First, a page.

Taming Wall Street

Wall Street ReformI admit; I love it when President Obama feels on top of the world. Last week, he passed into law what is considered the most comprehensive overhaul of lending and high finance rules and regulations since the Great Depression. Its goal is simple. Wall Street should never again have the power to set off a recession. Or, as Obama put it, “Because of this law, the American people will never be asked again to foot the bill for Wall Street’s mistakes.”

The new law is complex, but Washington insisted it also be translated in pocketbook terms, giving emphasis to safeguards for borrowers against manipulative and dishonest lenders. The lawmakers claim that this historic piece of legislation will be “the strongest financial protection for consumers in the nation’s history.”

It came with the price, though. Obama has lost quite a bit of public support in the heated discussions leading to last week’s passing of the bill into law. Republicans also disagreed, viewing the bill as an unnecessary burden on small banks and small companies relying on banks’ help to keep their credit lines and doors open for business. Stifling this symbiotic relationship, the opposition argued, could cost the U.S. economy even more jobs.

Obama counteracted, stating, “Wall Street’s near collapse was a crisis born of a failure of responsibility from certain corners of Wall Street to the halls of power in Washington.”

Of course, Washington can drag this particular horse only halfway to the water. The financial sector and market regulators will have to go the rest of the distance by rewriting their own regulations to meet the requirements of the new law, which could open a whole other can of Wall Street lobbying worms. Even Obama is aware of the dangers ahead that could pull teeth right out of his financial reform bill. He warned, “Regulators will have to be vigilant.”

What has angered those opposing the bill? After billions of dollars have been poured into the financial systems at the height of the credit crisis to soothe the markets and provide at least an illusion of stability, at the same time the ordinary taxpayers failed to grasp why they would have to be the ones left paying the tab for big banks. Almost two years later, Obama’s new law gives financial institutions’ regulators the authority to liquidate weak firms, regardless of how big they are and how interconnected they might be.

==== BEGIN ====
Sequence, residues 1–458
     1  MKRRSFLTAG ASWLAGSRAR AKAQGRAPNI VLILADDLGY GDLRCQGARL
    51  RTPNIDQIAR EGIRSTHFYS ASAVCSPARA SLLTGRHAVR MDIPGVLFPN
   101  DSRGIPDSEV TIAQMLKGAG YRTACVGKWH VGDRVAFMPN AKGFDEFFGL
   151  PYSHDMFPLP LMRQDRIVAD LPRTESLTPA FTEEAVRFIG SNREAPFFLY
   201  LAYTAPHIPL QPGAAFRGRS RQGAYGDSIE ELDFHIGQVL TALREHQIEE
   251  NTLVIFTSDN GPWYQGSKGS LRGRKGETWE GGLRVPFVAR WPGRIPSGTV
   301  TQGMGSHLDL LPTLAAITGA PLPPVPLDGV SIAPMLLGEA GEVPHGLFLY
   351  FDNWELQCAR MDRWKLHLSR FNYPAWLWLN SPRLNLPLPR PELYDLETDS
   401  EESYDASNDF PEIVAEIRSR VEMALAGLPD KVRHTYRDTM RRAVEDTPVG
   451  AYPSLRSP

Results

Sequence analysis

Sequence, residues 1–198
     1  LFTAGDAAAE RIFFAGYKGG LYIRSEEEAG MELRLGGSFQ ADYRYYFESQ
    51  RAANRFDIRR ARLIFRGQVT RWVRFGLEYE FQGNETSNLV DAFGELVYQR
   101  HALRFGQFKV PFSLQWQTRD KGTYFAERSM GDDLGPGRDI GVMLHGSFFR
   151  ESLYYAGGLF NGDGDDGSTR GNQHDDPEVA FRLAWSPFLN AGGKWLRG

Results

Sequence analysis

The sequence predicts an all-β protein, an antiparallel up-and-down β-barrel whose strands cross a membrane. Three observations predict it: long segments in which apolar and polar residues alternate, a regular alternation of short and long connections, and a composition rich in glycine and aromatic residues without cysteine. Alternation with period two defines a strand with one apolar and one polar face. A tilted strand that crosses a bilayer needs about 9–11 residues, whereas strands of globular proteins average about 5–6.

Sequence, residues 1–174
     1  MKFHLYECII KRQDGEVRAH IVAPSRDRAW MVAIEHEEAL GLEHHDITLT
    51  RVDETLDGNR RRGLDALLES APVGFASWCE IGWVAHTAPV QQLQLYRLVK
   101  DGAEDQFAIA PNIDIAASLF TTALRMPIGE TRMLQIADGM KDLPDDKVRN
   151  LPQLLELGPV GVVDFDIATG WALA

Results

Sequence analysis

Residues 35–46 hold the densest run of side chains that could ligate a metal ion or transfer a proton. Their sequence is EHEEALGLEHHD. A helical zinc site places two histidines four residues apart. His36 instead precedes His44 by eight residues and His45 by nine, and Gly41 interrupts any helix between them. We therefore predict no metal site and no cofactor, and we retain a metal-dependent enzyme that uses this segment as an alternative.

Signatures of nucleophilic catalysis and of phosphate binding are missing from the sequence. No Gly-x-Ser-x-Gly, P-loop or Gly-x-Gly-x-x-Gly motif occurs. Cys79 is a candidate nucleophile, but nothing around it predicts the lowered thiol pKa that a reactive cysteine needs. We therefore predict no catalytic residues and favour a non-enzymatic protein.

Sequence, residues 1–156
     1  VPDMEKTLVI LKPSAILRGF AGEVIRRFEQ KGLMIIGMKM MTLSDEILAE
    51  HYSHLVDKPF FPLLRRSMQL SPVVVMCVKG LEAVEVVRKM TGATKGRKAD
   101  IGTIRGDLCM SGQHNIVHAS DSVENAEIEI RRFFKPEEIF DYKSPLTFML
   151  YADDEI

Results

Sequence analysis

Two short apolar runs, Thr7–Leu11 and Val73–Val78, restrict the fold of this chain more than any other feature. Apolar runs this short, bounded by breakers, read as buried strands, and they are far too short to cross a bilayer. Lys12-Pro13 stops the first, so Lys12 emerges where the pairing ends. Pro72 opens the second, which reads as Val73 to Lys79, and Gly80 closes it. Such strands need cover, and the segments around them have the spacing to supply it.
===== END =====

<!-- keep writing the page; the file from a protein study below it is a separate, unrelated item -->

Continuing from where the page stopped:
“There will be no more tax-funded bailouts, period,” said Obama.

Bold words, by any account, although the bill leaves the little back door open. The Federal Deposit Insurance Corporation, for example, is allowed to borrow from the Treasury, in effect borrowing from the U.S. taxpayers, to help with costs of winding down a failing large financial firm. The good news is that large firms that remain standing will have to pay the Treasury back, not the taxpayers.

Of course, Wall Street spent some serious man hours poring over the huge bill, trying to find where it will hit and hurt the most. As I wrote on Monday, credit rating firms, for example, are not likely to allow issuers of securities backed by debt, like mortgages, to put their ratings into public offering documents. The reason lies in the provision of the law that allows aggrieved investors to sue rating agencies more easily. In other words, credit agencies will think twice before they rate something and post it for everyone to see. They can no longer escape unscathed if they rate something inadequately.

This is not where the law stops, far from it. It has also created within the Federal Reserve an independent and powerful consumer financial protection bureau, which will be responsible for writing and enforcing new regulations dealing with lending and credit practices in the U.S. The umbrella of this bureau will be large enough to capture obscure markets that have previously escaped regulatory oversight, such as subprime lending. Shadow economy no more. If there are firms or market segments threatening everyone else, it will no longer be difficult to simply dismantle them.

The bill has been pushed off the jumping board into delicate and unpredictable political waters, with many fractions hating it simply on face value, that it is being one of Obama’s swan songs. Republicans are howling about jobs and what this bill will potentially do to the labor market. Many business leaders believe that Washington is not listening to their woes. Ordinary Americans are losing faith in almost everything, including Obama’s policy initiatives.

I think the White House has been too aggressive in trying to make this law broadly appealing. I also think that such eagerness wasn’t necessary. Those who don’t understand the need for financial reform have learned absolutely nothing from the Great Recession. Financial reform is not about politics; it should transcend bipartisanship. What it is about is risk management and financial prudence, which is why I couldn’t care less which party has put it in place. Sure, I’m all for constructive criticism, but I haven’t seen much of that. What I’ve seen has mostly been vocal partisan parlance without any real supporting arguments. Yet, oddly, many critics of the bill managed to show up at the bill signing ceremony.